Sin City. I’ve been making my pilgrimage to Las Vegas for about ten years, from when COMDEX was the biggest conference in North America. I fasted last year, but this year I started my trip to CES on the 3rd. I had to get there early because the first press conferences as well as the press-only CES Unveiled were on the 4th. In CES 2011: Travelling With Less I shared with you my unsuccessful attempt at connecting to Verizon’s LTE network using the Pantech UML290 USB modem on my MacBook Pro at San Jose International, how I had no black socks, and that I took only a few pieces of clothing and stuffed them into a single duffle bag.
If you haven’t been to Las Vegas in January let me tell you: it’s not that great. First, you need to be drinking water constantly throughout the day and/or eating lots of high water content foods such as fruits and vegetables. The first couple of mornings I woke up to a bone-dry throat. It is extremely dry in Las Vegas so if you’re not careful you’ll end up sick. Second, you’ll need to wear a warm jacket. I even took my leather gloves and was forced to wear them most evenings. Because it’s so cold you want to keep pressing the up button on the thermometer in your room, but don’t. You’ll end up with problem number one. Third, imagine 130,000 extra people trying to catch taxis, make reservations at restaurants and shows. It is crazy. There are lines everywhere. Just to give you an example, there were several hundred members of the press lined up for CES Unveiled. It took more than 30 minutes just to get to the doors. We looked like sardined penguins, squeezed into a line, and wobbling to get to sea.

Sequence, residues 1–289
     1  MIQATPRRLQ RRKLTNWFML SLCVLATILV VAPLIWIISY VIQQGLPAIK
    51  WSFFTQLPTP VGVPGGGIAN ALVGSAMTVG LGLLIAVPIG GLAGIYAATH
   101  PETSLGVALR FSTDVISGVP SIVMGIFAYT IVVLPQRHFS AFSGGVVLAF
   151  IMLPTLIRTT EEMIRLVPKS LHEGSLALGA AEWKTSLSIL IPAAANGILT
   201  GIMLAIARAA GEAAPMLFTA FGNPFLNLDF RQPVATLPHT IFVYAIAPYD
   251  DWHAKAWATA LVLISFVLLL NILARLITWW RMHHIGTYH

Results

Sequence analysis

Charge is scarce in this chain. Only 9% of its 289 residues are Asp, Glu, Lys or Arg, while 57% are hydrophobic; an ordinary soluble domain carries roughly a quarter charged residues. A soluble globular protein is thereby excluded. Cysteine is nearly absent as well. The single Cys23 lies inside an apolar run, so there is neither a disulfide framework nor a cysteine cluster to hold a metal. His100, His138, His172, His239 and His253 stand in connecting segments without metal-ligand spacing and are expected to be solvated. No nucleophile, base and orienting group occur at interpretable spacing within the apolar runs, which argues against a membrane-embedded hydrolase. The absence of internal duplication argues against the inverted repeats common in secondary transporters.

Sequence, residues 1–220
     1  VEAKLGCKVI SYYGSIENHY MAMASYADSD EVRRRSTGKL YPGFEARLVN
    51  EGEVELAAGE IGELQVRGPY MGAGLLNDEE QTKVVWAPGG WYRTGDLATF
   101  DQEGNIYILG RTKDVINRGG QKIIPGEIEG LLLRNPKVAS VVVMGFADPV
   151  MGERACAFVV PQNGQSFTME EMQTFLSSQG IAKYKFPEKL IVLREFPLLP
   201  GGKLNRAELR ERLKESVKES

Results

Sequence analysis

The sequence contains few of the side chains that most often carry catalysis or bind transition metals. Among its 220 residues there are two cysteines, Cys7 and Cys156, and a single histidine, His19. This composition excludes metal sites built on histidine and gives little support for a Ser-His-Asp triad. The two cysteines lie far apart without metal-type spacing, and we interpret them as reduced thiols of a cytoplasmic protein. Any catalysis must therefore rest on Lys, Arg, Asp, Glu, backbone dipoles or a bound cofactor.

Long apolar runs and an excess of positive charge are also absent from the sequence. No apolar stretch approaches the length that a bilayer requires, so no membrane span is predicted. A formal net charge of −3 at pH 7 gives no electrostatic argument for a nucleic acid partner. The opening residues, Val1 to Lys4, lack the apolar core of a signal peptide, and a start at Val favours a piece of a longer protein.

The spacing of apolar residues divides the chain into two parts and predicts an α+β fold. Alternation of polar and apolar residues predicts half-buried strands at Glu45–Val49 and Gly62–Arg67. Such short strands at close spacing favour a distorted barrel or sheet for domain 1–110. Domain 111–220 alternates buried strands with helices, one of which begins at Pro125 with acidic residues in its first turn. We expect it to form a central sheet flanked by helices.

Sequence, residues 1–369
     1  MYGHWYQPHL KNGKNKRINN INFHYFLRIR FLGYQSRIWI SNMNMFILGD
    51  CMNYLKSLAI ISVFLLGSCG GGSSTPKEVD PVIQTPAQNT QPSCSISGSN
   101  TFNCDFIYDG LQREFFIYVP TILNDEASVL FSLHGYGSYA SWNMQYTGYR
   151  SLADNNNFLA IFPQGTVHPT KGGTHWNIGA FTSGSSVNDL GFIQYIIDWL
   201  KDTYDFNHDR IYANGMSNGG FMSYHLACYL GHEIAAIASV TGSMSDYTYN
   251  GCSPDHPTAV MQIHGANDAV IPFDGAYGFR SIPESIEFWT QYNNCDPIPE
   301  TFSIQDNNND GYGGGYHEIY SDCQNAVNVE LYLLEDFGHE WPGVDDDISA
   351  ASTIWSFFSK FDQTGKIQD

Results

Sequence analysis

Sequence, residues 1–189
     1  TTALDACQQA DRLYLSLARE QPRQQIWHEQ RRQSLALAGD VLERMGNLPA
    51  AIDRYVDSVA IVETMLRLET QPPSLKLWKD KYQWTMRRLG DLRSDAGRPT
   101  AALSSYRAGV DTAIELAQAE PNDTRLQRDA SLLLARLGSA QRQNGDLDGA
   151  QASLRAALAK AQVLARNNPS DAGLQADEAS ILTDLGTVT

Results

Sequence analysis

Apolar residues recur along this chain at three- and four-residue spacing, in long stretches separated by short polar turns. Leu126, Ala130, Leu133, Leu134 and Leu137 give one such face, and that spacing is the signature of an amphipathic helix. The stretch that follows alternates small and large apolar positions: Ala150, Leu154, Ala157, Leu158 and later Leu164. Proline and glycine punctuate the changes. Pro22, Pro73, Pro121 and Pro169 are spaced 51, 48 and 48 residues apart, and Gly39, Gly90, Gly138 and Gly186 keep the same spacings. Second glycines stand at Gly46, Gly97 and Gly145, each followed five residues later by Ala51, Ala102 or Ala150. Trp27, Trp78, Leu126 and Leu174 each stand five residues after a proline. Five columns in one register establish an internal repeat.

As soon as I entered The Venetian Ballroom there was Lenovo just to my right. The company was showcasing new notebooks and a tablet, but there were about twenty people surrounding the small table. I didn’t want to wait so I went straight for the food. Prawns to be exact. I grabbed as many as I could and cranked up my visual radar for an open seat. I got lucky. My aching feet and back were thanking me. While snacking on jumbo prawns I struck up a conversation with a wonderful woman who works at CBS. We got to know each other well and 45 minutes zoomed by. There was still no sign the crowd was dying down. A few minutes later I decided I had to check out some gadgets in the room.
There were more than 60 exhibitors and only a few caught my eye. The first was the Tremont Electric nPower Personal Energy Generator (PEG), which I first wrote about back in June. According to Tremont you place the PEG in your backpack vertically and as you walk about the PEG turns your ups and downs into energy. According to Tremont:
26 minutes of walking provides approximately 1 minute of talk time on an iPhone 3
I stayed at the South Point Hotel, which is far enough away from The Strip that I had to take daily shuttles to either the Aria Hotel or Treasure Island. I did a lot of walking and even if I had the PEG I would not have had generated enough energy for all of my iPhone 4 needs. The concept is wonderful, but unfortunately the PEG doesn’t last forever and will eventually stop working. I was told that all you need to do is replace the battery inside, but that’s not possible with the first design. Tremont wanted to get the PEG out to the public as fast as possible, hence the limitations. It’s a bit heavy, too, at 11 ounces or 312 grams. The PEG is priced at US$159.99 and is currently backordered. Tremont is developing version two, which will be lighter and could have a replaceable battery. I was excited to find out that the PEG is made in the USA with 90% of the components locally sourced from Ohio. An iGo cable and adapter tip of your choice is included. Even with some limitations I think the PEG was one of the most interesting products at CES Unveiled.
The second gadget that caught my eye was the pipSqueak, “a square thingamajig that connects to your smart phone via Bluetooth.” Everyone who stashes his/her phone inside a large bag needs the pipSqueak. For the reasons why, click on the link above and find out.